Between "Illusionism" and "Anti-Illusionism": Self-Reflexivity in the Chosen Novels of J. M. Coetzee takes as its premise J. M. Coetzee's distinction between "illusionism" and "anti-illusionism": the realist and the self-reflexive traditions in prose fiction. The aim of this critical study is to demonstrate that these two traditions are not opposed, but rather complementary to each other, and enrich the novel as a genre. Based on Marek Pawlicki's doctoral thesis, the book is a detailed analysis of Coetzee's oeuvre, paying particular attention to the impact of the writer's literary essays on his fiction. Insofar as it looks into the ways in which Coetzee's work as a critic has affected his novels, this book deals with the relation between fiction and literary criticism. Chapters One to Five, devoted to Dusklands, In the Heart of the Country, Age of Iron and Summertime, are concerned with the issue of subjectivity in confessional discourse and the boundary between fiction and autobiography. Chapters Six to Eight, concentrating on Foe, Slow Man, The Master of Petersburg, and Elizabeth Costello, offer insight into Coetzee's views on literary creation and the role of the writer in society. Between "Illusionism" and "Anti-Illusionism" also examines intertextual relations between Coetzee's novels and the works of Tolstoy, Dostoevsky, Kafka and Beckett.Über den Autor:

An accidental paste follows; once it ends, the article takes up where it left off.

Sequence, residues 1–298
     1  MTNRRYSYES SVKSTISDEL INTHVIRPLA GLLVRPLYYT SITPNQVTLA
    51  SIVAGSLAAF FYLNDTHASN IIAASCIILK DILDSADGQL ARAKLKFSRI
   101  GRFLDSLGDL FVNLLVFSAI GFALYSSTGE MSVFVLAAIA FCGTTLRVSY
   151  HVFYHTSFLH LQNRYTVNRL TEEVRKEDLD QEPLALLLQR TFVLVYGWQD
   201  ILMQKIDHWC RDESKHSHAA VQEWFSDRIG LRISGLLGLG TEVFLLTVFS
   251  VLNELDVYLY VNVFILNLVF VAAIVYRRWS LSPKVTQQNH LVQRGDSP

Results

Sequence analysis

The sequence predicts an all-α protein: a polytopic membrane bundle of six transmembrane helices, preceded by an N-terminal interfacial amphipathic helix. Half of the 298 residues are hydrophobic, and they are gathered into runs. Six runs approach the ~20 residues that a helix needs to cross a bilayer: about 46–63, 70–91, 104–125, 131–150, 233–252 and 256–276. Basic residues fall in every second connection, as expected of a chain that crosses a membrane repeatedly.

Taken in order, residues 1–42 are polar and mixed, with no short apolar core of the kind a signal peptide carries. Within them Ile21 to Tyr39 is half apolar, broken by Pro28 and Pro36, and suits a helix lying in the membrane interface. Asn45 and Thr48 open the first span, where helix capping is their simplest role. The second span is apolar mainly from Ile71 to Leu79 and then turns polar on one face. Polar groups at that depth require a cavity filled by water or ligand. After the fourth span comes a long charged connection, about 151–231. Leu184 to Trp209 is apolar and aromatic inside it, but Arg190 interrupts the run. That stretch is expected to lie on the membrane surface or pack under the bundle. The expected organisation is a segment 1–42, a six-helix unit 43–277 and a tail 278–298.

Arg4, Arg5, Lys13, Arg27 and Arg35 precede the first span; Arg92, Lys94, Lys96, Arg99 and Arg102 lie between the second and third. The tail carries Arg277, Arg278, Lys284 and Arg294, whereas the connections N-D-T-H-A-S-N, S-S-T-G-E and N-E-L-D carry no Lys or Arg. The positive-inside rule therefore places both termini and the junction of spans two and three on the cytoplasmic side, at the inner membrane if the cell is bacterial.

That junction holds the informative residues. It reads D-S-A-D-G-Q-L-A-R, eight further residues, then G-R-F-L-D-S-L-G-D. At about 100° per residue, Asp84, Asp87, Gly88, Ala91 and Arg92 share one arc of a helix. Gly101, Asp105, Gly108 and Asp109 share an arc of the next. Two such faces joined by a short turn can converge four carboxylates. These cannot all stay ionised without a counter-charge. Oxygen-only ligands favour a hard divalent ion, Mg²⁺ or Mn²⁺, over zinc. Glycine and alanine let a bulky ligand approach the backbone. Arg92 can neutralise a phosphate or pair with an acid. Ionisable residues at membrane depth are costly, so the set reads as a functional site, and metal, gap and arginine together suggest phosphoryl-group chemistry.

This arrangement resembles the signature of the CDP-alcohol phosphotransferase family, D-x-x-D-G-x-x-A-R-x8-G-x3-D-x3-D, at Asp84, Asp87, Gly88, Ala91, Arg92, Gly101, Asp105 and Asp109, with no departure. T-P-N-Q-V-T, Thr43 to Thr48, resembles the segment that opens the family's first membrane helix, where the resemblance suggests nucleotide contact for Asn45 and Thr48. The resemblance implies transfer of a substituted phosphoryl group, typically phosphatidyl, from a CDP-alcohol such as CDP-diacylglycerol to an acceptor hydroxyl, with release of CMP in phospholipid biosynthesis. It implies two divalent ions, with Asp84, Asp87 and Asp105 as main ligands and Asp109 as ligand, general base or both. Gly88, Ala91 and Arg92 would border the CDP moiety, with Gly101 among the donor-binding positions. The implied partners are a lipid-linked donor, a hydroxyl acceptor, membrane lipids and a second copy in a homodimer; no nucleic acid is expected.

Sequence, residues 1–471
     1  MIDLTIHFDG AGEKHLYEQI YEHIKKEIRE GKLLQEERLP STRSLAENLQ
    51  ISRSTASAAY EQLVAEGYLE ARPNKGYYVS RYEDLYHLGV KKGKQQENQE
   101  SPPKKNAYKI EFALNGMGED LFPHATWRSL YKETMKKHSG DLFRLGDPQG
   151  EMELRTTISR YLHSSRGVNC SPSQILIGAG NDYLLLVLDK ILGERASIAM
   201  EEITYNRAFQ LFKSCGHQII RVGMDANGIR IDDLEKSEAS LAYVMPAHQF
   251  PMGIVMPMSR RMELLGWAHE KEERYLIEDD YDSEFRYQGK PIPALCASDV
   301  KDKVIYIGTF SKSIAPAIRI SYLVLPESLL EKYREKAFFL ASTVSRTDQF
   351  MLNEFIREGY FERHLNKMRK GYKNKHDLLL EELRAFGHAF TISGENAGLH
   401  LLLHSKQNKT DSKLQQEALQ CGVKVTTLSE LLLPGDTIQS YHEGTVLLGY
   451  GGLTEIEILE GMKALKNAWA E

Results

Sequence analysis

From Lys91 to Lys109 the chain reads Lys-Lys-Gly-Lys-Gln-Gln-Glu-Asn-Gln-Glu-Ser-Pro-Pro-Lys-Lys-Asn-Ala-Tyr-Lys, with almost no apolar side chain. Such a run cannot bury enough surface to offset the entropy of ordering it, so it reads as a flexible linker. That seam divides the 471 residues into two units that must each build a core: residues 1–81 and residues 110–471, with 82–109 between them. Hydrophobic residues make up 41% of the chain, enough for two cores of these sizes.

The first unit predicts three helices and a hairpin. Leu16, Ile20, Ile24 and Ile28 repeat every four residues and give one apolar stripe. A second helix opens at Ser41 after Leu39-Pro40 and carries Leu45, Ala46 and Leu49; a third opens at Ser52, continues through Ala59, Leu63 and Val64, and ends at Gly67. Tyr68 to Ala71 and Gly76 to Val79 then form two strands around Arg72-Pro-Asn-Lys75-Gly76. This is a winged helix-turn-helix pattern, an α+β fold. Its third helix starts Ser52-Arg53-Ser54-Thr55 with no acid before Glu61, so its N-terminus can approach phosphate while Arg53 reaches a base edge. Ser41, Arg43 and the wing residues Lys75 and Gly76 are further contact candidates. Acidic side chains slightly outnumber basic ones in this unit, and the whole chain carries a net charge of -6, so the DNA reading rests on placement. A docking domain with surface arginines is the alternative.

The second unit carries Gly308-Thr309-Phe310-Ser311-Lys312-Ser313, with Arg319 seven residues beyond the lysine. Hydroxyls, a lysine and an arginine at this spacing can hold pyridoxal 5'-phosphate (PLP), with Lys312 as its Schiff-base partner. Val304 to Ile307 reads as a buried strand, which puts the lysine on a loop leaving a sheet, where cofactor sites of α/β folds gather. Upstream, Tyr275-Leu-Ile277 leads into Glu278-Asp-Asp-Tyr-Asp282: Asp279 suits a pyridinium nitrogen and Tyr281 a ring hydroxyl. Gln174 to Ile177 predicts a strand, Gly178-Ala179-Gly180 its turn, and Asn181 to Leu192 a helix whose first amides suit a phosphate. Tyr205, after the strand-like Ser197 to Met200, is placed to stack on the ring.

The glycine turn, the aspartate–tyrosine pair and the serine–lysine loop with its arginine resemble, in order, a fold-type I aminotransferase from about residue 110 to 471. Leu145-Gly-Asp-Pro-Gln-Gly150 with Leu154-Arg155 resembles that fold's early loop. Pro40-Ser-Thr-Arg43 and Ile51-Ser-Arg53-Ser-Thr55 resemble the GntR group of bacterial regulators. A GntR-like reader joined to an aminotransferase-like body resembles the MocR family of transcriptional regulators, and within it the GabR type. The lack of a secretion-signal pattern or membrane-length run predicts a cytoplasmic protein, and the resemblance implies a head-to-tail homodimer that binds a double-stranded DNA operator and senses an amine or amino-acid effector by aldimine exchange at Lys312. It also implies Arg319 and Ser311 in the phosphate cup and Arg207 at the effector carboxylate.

Marek Pawlicki graduated from the Institute of English Studies of the Jagiellonian University in Krakow, Poland, in 2008. In 2012, he completed his PhD, with a thesis entitled "Self-Reflexivity in the Works of J. M. Coetzee". His current research interests include confessional discourse and self-reflexivity in contemporary Anglo-American fiction. He is a Lecturer at the Neophilological Institute of the State School of Higher Education in Oswiecim.
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